Diagnosing Hepatitis C

Health care provider taking blood from man's arm.

To find out whether you are infected with the hepatitis C virus, your healthcare provider will ask questions about your health. He or she may also try to figure out how long you have been infected with hepatitis C. This may involve questions that seem personal. It’s important to answer honestly. You should also mention any symptoms that concern you. To test for hepatitis C, your blood is taken. A physical exam and certain tests help check for liver damage.

To test for hepatitis C, blood is taken and sent to a lab. It may take a few weeks to get your test results.

Getting tested

The CDC recommends that all people born between 1945 and 1965 get tested for hepatitis C. Blood tests look for substances in your blood that are linked to hepatitis C. These include:

  • ALT. This is a liver enzyme. Blood may have more ALT if the liver has been damaged.

  • Anti-HCV. The body tries to fight hepatitis C by making an antibody called anti-HCV. This substance is found in the blood and indicates exposure to hepatitis C.

  • Genotype. There are 6 hepatitis C genotypes. A blood test can reveal which genotype you have. This will affect the type of treatment.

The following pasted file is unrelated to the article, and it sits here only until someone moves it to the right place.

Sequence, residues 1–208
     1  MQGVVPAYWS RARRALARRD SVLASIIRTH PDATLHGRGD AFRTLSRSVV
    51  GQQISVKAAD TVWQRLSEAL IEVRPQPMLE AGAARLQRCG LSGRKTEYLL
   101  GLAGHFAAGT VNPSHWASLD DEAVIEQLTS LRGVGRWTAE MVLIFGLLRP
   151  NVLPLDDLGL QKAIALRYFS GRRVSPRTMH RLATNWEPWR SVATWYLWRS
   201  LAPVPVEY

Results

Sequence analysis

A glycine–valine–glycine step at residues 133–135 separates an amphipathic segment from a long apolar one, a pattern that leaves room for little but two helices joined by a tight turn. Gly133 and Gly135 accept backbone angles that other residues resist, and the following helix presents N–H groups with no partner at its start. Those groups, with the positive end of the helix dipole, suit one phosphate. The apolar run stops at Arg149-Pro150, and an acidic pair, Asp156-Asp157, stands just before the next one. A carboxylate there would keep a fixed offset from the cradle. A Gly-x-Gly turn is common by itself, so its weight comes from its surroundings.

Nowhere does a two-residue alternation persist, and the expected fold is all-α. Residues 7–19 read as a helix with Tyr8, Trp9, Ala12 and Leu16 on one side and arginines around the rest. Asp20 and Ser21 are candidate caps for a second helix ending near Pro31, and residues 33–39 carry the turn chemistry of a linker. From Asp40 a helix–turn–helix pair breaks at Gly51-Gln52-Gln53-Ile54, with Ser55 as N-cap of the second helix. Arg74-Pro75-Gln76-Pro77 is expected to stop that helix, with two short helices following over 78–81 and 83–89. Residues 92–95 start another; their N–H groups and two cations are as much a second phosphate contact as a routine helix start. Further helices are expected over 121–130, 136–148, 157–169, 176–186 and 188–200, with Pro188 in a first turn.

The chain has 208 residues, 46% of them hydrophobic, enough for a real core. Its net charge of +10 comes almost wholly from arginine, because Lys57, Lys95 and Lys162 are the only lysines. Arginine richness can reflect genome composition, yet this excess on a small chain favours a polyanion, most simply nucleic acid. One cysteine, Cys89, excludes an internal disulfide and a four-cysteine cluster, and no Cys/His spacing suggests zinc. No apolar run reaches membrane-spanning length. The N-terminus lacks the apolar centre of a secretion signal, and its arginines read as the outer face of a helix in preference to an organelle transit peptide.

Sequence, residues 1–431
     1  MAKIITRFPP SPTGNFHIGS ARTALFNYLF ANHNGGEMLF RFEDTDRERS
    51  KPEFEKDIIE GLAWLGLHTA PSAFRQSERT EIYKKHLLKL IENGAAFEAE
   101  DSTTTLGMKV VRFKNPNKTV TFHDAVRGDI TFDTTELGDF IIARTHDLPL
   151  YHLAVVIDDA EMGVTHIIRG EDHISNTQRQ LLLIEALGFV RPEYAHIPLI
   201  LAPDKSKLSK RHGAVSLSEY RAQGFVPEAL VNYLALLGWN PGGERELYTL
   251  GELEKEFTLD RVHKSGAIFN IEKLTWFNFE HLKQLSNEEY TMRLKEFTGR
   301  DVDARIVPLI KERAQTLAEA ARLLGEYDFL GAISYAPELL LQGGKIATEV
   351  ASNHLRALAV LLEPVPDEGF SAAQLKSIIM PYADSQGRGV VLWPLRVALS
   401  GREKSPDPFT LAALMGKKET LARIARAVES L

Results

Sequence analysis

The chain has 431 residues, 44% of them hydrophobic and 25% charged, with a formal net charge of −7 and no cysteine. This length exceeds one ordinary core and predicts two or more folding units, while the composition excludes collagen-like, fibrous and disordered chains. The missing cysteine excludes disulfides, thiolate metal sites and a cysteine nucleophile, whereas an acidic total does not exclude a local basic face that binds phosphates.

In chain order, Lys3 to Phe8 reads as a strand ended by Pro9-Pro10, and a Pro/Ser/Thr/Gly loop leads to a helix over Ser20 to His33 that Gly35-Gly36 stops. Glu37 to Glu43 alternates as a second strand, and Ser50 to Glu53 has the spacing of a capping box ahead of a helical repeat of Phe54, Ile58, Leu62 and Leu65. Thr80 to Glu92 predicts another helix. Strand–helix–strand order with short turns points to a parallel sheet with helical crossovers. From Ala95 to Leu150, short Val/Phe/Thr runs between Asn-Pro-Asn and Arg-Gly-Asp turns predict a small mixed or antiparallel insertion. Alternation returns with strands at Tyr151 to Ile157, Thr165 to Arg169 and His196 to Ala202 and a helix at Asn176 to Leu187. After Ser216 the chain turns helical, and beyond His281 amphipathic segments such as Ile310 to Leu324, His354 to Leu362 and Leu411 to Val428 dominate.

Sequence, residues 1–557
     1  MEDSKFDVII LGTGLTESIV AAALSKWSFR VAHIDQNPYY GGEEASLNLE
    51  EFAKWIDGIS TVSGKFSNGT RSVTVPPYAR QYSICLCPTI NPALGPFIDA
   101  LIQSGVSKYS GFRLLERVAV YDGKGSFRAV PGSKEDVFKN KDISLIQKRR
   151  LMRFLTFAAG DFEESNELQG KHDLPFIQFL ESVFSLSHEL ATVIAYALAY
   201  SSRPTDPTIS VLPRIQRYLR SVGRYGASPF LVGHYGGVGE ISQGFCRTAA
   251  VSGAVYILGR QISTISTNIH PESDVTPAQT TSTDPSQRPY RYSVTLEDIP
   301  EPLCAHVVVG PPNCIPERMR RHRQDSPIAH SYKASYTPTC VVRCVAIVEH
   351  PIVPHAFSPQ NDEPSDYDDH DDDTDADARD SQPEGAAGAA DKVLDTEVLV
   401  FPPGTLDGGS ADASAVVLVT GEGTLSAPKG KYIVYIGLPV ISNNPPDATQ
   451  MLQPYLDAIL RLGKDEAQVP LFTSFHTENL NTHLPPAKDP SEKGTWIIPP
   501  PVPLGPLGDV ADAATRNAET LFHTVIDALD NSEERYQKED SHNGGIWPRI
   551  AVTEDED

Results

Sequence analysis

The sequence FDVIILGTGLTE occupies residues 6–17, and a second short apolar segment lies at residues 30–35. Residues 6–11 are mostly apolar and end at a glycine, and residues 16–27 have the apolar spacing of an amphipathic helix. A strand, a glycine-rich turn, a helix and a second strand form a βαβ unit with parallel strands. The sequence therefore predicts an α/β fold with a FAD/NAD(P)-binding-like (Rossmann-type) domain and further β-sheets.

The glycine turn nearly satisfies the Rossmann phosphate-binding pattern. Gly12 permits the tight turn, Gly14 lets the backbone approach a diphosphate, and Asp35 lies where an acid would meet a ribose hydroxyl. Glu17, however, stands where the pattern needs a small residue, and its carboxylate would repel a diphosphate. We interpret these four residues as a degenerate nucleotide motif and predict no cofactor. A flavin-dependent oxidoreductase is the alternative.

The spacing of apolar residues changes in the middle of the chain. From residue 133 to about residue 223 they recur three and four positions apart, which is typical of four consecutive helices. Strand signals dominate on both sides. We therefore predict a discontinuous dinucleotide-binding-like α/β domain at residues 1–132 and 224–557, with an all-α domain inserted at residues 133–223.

• HCV RNA. Some tests can show pieces of hepatitis C in infected blood and confirm that you are currently infected.

Looking for liver damage

During an exam, your healthcare provider may feel your abdomen to see if your liver is swollen or painful. Tests may also be done to check your liver for damage. These tests include:

  • CT scan. This is a type of specialized X-ray that shows a detailed picture of the liver by producing cross-sectional images.

  • Fibrosis panel. This blood test can help determine how severe the liver disease is.

  • Liver biopsy. During biopsy, a needle is used to take a small sample of tissue from the liver. The sample is then viewed under a microscope to look for inflammation and the amount of scar tissue.

  • MRI scan. This is a scan where strong magnetic fields and radio waves make images of the liver and blood vessels without the use of X-rays.

  • Ultrasound. This test uses painless sound waves to create a picture of the liver. It can roughly stage your liver disease. Your spleen size and portal vein size should be measured with each exam. The exam should take at least 20 minutes to make sure you have the correct number of images of the liver.

Checking for other infections

Hepatitis C infection can be more dangerous if you are also infected with certain other viruses. Your healthcare provider may test you for HIV and other types of hepatitis, such as types A and B. If you have not had hepatitis A or B, you may be given vaccines to protect you from getting them in the future.